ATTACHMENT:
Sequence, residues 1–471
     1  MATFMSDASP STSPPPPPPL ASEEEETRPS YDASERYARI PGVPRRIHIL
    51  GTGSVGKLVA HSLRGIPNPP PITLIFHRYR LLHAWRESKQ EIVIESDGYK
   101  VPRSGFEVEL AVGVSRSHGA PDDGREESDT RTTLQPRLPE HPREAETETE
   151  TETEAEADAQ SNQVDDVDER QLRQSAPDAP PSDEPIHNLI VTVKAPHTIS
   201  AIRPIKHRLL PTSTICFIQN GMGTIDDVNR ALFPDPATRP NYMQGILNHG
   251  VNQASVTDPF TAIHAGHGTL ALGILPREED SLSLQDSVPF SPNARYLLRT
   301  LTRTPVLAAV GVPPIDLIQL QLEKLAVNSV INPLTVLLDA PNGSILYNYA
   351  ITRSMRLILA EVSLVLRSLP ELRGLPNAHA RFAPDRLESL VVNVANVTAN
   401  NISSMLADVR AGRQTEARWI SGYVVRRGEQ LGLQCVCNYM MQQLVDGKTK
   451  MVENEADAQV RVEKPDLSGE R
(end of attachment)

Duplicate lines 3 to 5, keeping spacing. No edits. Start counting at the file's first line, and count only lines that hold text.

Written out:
    51  GTGSVGKLVA HSLRGIPNPP PITLIFHRYR LLHAWRESKQ EIVIESDGYK
   101  VPRSGFEVEL AVGVSRSHGA PDDGREESDT RTTLQPRLPE HPREAETETE
   151  TETEAEADAQ SNQVDDVDER QLRQSAPDAP PSDEPIHNLI VTVKAPHTIS